Originally inspired by mirages and other types of natural phenomena like the twinkling of stars at night where the density of gas (as well as liquid), scientists in the 1860s devised an optical technique called Schlieren photography (the German word for ‘streak’) to isolate distorted light rays from factors such as heat, chemical reaction, and force. Here is a hi-speed photo of a woman shooting a rifle in a Schlieren optical setup (a diagram for the setup can be found farther down the post)
Pretty friggun rad eh?! Some of the most well known examples of Schlieren photography (and related Shadowgraphs) are burning flames, and the billowing plumes of hot air that are only visible through this optical trickery. Here is an example of a Bunsen Burner being lit by a blow torch with a colored gel/filter:
Yet another shot of the ordinarily invisible forces that come from the firing of a bullet:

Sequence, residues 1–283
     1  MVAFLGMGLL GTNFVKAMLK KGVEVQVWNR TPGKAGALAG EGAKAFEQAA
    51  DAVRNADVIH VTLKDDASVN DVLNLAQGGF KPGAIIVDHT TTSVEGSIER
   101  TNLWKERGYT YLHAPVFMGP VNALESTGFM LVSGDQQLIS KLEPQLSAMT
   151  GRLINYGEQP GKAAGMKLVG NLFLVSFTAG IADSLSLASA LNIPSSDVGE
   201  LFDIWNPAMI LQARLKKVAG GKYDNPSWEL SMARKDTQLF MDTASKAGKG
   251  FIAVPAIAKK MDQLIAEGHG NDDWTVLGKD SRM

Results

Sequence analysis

Here is what a set-up for Schlieren has historically looked like, although there are a variety of methods to achieve a similar effect.
A Stanford Physics slow-motion video of a matchstick being struck (and subsequently blown out), used the incredibly unique and fluid forms of hot gases to win an award last year, see it below!
And here is a video from the Science Channel’s programming that explains the science behind it a bit better:
And some more ‘streaky’ candy from an NPR special on the subject of Schlieren:
More information on the science / physics behind it can be found here.
Let’s send you off with a few more intriguing images:
beware, and thanks for lookn! :}